To my #youngerteacherself

This is a response to a blog challenge set by Joanna Malefaki, asking what advice I’d give to my younger teacher self. Now that I’ve written it, it turns out most of my advice is about being outside the classroom, but I’m not sure what else I can say!

Depending on how you count it, I’ve been teaching for:

Like Joanna, I think I’d give different tips to each of those ‘me’s’.

On your gap year

I got incredibly homesick for the first three weeks of the six I was at the school in the middle of the jungle. When I left, I was crying my eyes out because I didn’t want to go.

Don’t wallow. Go out and talk to people.

Explore the place you’re in, however small it might be.

Our House


Find out about the culture.

Immerse yourself in the language.

Don’t be afraid to find out about the people you’re living amongst.

Fill your time.

On your year abroad

I didn’t learn from my experience of homesickness in Borneo, and repeated it all over again when I was in Paraguay, so the advice above would work for this me. There’s more though:

Just because a resource book looks old, doesn’t mean it’s not useful.

Just because a coursebook looks old, it probably means it’s out-of-date and irrelevant 😉

Plan more than 5 minutes before the lesson.

Make sure you know something about the grammar you’re teaching, and don’t just try to wing it.

Learn what those funny symbols on that strange chart on the wall mean – they’ll come in really useful!

Asuncion from the 13th floor

My first job

I spent my next three years working in Brno, which I loved, but…

No matter how much you think it might help, spending every weekend of the first six months of your time in Brno at school planning lessons is neither healthy nor an effective use of your time. Allocate a shorter time to plan, and you will magically be able to do it.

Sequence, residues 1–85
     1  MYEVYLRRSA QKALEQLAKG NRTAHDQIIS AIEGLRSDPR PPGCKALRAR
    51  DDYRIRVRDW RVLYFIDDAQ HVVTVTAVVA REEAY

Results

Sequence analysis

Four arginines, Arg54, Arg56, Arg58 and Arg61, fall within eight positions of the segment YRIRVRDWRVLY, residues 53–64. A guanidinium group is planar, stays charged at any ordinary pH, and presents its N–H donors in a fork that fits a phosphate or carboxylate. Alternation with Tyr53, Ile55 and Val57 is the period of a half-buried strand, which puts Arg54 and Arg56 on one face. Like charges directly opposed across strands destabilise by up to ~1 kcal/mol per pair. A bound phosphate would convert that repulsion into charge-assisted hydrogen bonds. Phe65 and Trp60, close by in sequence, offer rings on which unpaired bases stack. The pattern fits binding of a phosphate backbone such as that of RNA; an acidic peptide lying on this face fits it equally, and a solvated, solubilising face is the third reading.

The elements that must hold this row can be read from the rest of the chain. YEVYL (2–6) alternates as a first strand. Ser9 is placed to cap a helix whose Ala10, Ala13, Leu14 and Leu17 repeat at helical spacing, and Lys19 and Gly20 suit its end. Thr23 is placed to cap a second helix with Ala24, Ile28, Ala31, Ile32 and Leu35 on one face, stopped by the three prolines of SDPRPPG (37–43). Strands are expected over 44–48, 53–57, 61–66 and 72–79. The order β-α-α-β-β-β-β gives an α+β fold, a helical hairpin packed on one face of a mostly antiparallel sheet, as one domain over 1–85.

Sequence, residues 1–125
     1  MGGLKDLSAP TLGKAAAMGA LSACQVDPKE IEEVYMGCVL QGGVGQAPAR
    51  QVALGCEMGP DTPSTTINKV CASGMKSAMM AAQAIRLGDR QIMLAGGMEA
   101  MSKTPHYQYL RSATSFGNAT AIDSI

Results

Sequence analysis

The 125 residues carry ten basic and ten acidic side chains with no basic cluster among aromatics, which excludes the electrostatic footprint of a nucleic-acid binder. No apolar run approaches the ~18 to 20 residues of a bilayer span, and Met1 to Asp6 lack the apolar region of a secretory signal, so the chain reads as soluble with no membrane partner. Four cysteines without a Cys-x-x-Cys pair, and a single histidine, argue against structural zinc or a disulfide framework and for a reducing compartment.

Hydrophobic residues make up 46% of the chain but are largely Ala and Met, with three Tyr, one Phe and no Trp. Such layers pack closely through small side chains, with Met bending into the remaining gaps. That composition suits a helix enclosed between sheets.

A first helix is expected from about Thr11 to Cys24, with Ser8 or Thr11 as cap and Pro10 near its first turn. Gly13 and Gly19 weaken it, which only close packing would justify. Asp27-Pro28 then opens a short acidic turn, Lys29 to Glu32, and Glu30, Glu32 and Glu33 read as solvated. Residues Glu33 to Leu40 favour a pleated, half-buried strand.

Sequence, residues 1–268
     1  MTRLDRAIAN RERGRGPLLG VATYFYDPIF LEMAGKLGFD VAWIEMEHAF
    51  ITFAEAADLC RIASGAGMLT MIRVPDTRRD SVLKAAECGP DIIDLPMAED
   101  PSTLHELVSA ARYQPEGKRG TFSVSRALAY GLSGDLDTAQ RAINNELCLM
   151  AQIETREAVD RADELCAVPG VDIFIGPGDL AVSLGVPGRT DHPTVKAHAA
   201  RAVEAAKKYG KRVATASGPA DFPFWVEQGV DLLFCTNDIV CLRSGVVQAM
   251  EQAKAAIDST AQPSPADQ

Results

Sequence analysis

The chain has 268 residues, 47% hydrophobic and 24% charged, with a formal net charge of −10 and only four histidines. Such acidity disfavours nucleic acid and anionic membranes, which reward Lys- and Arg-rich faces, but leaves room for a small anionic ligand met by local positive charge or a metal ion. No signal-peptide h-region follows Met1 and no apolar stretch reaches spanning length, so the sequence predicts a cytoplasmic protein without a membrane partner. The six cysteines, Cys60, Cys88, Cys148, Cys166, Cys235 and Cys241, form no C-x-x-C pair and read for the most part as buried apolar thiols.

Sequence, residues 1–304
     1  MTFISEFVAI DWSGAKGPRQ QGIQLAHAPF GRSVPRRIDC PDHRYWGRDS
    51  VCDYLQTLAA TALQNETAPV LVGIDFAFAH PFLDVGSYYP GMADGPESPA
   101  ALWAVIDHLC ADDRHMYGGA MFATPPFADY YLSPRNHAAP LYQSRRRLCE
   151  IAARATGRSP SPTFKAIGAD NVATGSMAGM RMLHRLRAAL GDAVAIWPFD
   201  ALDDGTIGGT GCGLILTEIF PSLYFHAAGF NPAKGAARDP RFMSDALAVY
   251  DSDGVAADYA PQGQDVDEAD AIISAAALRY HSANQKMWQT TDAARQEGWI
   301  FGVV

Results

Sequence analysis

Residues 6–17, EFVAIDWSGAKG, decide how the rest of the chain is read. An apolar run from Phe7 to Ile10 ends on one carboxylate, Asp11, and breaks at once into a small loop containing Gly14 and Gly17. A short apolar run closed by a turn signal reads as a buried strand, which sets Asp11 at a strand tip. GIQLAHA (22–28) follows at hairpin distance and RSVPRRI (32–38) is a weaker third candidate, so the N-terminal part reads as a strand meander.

Spend time exploring – don’t wait until you’re about to leave to start, or you’ll never get to the planetarium (still haven’t been!)


Make more of an effort with the language right from the start. Get a teacher – you need one to make you do the work.

Back in the UK

Two years in Newcastle:

Use the fact you’re in the UK. Take the students on trips. Get them out of the classroom, especially in the summer.

At the park

Invite people into your classroom.

Observe other teachers. Observe yourself.

Remember that however much you might love the north-east of England, it’s a long way from family and friends, and just because you’re in the UK, doesn’t mean it’s any cheaper getting to see them than when you live in Europe!


Do Module 2 full-time. You’ll get so much more out of it that way.

Do the modules separately, not concurrently.

Make sure you dedicate the time and the effort to actually following through on the PDA (Professional Development Assignment) properly, rather than just hurriedly doing whatever you can to make sure you’ve ticked the boxes. You might find it actually solves some of the problems you have.

When people tell you your instructions are crap, do something proactive to sort it out. Don’t just nod and carry on in the same way. They are, and you’ll save yourself so much time and effort in the classroom by doing something about it.